Fukushima Daiini man now in charge of Daiichi decom

24 April 2014 by Will Dalrymple

Naohiro Masuda has been named leader of a new organization within TEPCO, the Fukushima Daiichi Decontamination & Decommissioning Engineering Company, which will be officially responsible for site cleanup. Masuda was the superintendent in charge of Fukushima Daiini during the March 11 earthquake and tsunami.

Now vice head of TEPCO's nuclear safety oversight office, Masuda will sit on a management committee with three vice-presidents from industry: Hiroshi Arima, Hitachi-GE Nuclear Energy senior vice president; Takuji Takayama, Toshiba senior manager; and Shigemitsu Suzuki, Mitsubishi Heavy Industries senior general manager.

The body will provide reports to TEPCO senior management and the government's decommissioning support organization. It will receive support from TEPCO corporation, guidance from the decommissioning support organization, monitoring from TEPCO senior management, and advice from former NRC chairman Dale Klein, former UKAEA chairman Barbara Judge, former TMI site manager Lake Barrett and UK NDA strategy director Adrian Simper.

Fukushima site update

The formation of the new company comes at a significant time for the site. With the start-up of the ALPS multi-nuclide removal system, TEPCO is predicting to be able to have removed 62 nuclides from the stored contaminated water by the end of the fiscal year in March 2015. TEPCO is planning to install a second group of three ALPS systems to supplement the existing three, whose capacity is 750 m3/day. In addition, TEPCO has begun validation work of unspecified 'high performance equipment', capacity 500 m3/day, that produces 20 times less waste than the existing system, according to TEPCO documents. The budget for this programme, backed by national subsidy, is JPY 15 billion ($150 million).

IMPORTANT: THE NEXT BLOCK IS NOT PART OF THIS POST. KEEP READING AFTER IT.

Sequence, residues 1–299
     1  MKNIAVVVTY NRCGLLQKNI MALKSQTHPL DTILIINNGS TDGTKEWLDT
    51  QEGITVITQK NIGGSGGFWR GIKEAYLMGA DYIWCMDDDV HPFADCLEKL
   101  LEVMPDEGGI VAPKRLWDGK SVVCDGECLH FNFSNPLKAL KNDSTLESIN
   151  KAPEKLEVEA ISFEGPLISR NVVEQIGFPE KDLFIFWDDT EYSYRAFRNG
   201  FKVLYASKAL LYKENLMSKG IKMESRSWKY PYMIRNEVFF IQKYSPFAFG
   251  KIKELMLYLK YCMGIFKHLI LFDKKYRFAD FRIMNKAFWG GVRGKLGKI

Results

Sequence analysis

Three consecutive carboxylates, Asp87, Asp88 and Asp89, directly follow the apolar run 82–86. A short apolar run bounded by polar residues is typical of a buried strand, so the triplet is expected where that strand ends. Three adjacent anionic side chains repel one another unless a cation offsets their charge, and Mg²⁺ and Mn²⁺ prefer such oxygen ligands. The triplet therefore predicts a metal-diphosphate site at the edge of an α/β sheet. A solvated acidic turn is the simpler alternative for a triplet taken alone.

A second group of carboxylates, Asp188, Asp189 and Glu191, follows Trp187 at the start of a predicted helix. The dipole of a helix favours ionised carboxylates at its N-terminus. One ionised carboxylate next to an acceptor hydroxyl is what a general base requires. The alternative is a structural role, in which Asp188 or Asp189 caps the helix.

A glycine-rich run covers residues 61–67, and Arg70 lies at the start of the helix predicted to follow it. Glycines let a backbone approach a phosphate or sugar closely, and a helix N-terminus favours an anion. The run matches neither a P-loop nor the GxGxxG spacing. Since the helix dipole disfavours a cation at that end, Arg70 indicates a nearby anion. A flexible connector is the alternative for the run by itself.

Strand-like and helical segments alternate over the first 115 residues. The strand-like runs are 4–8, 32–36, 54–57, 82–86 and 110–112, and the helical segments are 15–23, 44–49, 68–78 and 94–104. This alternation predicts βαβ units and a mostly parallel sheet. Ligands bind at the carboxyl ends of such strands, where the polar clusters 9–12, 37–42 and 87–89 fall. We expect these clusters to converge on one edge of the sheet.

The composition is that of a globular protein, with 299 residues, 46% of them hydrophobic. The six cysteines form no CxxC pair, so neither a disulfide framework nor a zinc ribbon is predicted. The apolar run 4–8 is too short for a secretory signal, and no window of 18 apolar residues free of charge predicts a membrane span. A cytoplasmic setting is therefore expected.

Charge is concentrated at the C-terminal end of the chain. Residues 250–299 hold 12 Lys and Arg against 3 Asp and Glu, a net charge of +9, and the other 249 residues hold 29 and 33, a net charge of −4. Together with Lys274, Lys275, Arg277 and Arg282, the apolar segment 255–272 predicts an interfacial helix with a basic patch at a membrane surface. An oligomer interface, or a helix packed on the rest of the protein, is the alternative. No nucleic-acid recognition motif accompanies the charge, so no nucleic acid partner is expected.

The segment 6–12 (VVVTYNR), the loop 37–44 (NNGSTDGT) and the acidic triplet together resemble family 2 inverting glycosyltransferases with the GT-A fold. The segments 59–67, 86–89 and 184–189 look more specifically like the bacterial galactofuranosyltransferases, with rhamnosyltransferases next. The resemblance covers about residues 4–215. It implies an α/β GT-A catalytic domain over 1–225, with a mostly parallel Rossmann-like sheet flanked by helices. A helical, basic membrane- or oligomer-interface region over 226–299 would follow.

A system to divert groundwater that would normally flow into the contaminated Fukushima site into separate storage tanks for release into the sea after testing should start in a few weeks.

In addition, plans are underway to pave the entire Fukushima 1-4 site, after confirmation that most of the groundwater flowing into buildings comes from rainwater.

Construction of an impermeable piled wall on the sea side of the Fukushima reactors was nearly (94%) complete as of end March 2014, after about two and a half years' work.

TEPCO also expects to have removed all of the spent fuel from the unit 4 reactor within this timeframe. As of 21 April, 704 fuel bundles had been removed. Next year the work to remove spent fuel from unit 3 begins; at the moment, debris clearing work from that unit continues.

$2.5m tender launched for validation of clean-up tech

A comprehensive tendering operation was launched in March to validate cleanup technologies to support cleanup of contaminated water at Fukushima Daiichi, following consultation from international experts last year. Subsidies of up to $2.5 million are available for research into technologies that are expected to be effective but need to be checked and verified before being used:

  • Small leakage detection technology (including dyes)
  • Tank decontaminating technology without using water
  • Tritiated water storage and separation technologies
  • Technology for cleaning up seawater in port
  • Technology for capturing strontium in soil
  • Automated boring technology

Following an information session on 8 April, tender documents have been posted on:http://www.mri.co.jp/english/news/if20140407_e.html.


Photo: Naohiro Masuda, leader of the Fukushima Daiichi Decontamination & Decommissioning Engineering Company speaking in TEPCO video.

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